Out with the ordinary

Tags: Knowledge

With the world looking for solutions beyond borders, we need engineers who can think out of the box

What should we, as a country, do to become the real player of the future world? One way is to nurture future innovators. Organisations want not only exceptional scientists and engineers, but also persons who are temperamentally innovators. An innovative organisation understands the joys of uncertainty.

How do we prepare young innovators for the future world? Tony Wagner, author of Creating Innovators: The Making of Young People Who Will Change the World, says to drive the young to think beyond the box we need teachers who can think out of the box. The out of the box thinkers love the learning culture that appreciates problem-based multidisciplinary approach to learning. This culture encourages the learner to learn from the mistakes. The out of the box thinkers are not averse to taking risks.

The support of teachers and parents plays a significant role in nurturing young innovators. Wagner thinks, contrary to the opinion of many, that today’s generation is not materialistic. “What they may end up doing is some compromising in terms of whom they are willing to work for.” This connected generation knows how to find support for what they want and need. Wagner’s advice to the parents is that they should not try to overprotect the­ir children. Hel­icopter parenting, hovering over the children all the time, is certainly not an innovative idea.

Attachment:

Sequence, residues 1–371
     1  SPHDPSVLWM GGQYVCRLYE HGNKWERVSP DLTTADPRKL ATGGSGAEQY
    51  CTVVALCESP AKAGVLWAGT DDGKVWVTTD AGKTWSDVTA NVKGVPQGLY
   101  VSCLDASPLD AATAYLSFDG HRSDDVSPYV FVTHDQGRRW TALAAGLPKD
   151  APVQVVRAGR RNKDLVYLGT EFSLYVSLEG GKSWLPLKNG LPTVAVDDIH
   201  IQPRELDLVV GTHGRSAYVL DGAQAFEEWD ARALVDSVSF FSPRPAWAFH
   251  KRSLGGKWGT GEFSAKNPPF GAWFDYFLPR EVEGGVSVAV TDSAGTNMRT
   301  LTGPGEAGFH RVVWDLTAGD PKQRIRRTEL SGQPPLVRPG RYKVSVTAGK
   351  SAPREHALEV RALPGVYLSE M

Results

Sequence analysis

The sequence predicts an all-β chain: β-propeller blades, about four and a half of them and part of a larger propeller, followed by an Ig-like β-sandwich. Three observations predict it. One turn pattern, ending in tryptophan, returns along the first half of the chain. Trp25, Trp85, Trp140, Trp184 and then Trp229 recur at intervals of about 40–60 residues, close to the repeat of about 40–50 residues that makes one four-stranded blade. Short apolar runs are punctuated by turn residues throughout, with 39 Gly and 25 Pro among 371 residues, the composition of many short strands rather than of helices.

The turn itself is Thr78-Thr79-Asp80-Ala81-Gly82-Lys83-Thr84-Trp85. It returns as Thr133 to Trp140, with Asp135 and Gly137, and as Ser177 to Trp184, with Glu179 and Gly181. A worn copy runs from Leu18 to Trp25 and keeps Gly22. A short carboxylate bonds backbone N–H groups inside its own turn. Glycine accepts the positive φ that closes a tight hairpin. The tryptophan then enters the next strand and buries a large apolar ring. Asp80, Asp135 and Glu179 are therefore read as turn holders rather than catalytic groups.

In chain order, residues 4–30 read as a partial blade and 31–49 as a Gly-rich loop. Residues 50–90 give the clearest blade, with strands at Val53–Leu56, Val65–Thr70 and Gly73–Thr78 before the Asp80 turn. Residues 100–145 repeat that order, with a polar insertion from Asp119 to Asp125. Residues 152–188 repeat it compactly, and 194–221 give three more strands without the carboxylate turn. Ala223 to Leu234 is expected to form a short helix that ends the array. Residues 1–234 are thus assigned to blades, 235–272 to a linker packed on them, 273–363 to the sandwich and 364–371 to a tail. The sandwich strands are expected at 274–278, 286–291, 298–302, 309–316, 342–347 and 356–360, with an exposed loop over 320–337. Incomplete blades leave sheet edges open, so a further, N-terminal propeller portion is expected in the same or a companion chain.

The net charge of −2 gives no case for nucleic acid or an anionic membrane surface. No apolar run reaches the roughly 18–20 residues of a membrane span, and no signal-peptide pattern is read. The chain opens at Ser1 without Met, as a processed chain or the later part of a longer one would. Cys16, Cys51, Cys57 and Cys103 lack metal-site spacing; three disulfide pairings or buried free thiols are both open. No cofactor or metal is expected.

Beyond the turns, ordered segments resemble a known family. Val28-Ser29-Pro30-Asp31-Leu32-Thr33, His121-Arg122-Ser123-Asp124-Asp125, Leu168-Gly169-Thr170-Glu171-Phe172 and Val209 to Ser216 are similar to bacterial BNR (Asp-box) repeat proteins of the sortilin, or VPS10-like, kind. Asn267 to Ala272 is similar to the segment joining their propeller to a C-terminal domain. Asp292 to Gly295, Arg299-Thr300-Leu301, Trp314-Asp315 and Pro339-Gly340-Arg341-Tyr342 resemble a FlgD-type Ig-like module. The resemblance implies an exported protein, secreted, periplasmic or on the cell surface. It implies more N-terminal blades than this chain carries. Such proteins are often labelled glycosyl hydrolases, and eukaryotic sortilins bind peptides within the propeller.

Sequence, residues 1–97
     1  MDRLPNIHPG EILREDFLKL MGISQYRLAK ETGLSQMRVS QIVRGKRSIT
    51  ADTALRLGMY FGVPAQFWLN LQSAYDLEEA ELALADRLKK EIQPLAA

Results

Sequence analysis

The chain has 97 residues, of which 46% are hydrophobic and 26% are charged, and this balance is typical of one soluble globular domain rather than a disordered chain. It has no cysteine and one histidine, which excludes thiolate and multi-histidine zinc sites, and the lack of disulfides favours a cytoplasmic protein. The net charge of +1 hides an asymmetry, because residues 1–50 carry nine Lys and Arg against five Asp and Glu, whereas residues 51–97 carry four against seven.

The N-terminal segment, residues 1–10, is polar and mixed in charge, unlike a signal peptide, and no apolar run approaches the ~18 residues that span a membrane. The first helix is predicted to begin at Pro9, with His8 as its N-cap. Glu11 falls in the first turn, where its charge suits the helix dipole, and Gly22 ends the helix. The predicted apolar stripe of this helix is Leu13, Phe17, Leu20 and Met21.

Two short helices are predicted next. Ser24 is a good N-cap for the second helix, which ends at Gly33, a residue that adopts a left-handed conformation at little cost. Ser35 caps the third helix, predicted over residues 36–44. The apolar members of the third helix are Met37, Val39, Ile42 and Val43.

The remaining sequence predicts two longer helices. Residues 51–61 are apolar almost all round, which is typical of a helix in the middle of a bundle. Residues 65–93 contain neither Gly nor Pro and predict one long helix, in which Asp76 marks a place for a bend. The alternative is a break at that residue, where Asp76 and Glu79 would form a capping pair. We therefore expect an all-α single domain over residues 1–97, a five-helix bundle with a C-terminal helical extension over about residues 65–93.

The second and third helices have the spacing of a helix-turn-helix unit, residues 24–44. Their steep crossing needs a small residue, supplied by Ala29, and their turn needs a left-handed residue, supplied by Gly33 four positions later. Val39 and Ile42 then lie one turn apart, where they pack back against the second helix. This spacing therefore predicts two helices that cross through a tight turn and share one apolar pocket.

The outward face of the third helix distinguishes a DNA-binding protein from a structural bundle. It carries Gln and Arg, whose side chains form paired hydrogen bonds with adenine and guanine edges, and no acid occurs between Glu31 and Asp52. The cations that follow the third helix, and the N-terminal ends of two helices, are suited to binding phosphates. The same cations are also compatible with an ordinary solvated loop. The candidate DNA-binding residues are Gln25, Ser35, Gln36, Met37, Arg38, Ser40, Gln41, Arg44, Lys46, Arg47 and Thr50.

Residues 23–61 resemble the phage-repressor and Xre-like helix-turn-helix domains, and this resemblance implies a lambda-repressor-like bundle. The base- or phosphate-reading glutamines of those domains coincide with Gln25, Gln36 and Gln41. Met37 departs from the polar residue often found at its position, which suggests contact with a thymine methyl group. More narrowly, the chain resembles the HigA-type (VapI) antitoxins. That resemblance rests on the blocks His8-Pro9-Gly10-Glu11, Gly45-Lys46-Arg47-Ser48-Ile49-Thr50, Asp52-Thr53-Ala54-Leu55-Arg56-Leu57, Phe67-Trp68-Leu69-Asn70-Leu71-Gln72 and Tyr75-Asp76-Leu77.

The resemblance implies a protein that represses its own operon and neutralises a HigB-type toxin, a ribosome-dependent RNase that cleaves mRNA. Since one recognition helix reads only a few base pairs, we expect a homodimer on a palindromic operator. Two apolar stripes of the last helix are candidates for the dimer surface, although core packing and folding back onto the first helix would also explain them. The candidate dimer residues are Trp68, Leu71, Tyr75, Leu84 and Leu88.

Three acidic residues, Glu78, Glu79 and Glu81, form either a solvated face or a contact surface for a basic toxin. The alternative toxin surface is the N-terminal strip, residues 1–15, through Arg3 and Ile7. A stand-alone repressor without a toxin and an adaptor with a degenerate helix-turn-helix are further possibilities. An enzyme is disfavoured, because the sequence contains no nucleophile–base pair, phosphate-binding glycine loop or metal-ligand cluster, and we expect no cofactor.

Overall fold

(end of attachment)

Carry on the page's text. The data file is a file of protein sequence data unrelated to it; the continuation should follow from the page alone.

Subra Suresh of Carnegie Mel­lon Univer­sity highlights some major global trends that are shaping engineering talent in the recent years. One of the trends is that Asian education and research and development (R&D) will soon represent a larger investment than is being made in either the Americas or Europe. In 2012, the total worldwide investment in R&D was estimated to be $1.4 trillion, split in roughly equal portions among the Americas, Europe, and Asia. The second trend Suresh mentions about is that shifting demographics are transforming the hunt for talent. In Asia, 19.2 per cent of all college graduates are engineers; in the European Union, 12.1 per cent are engineers; and in the United States, just 4.4 per cent are engineers. As global challenges require global solutions, Suresh says that cross border talent will be required to solve grand challenges. Another important trend is that output of the talent has no borders and borderless knowledge enterprises are the order of the day.

Marie Thursby of Georgia Institute of Technology says innovation is the adoption of inventors not the invention itself. For enabling this adoption, engineers play a pivotal role. She doesn’t forget to mention the fact that “real wages for engineering graduates have been more or less constant during the last 20 years, which does not indicate a rosy job outlook.” Thursby’s suggestion is to broaden the engineering education base by combining engineering with degrees in law or business. This is one way of grooming CEO’s, rather than limiting them to the role of CTO’s. Obviously all this is not possible in the already overburdened course structure, unless the time frame to complete the requirements for a degree is increased appropriately.

No one doubts the place of engineers in society, but, as William Banholzer of the Dow Chemical Company says to retain their unique place in society they need to do a better job of explaining the value they create for society. “Brains are globally distributed, and we have to maximise the assessment of talent across the globe,” says Banholzer. zz

(The writer is a biotechnologist

and ED, Birla Institute

of Scientific Research, Jaipur)

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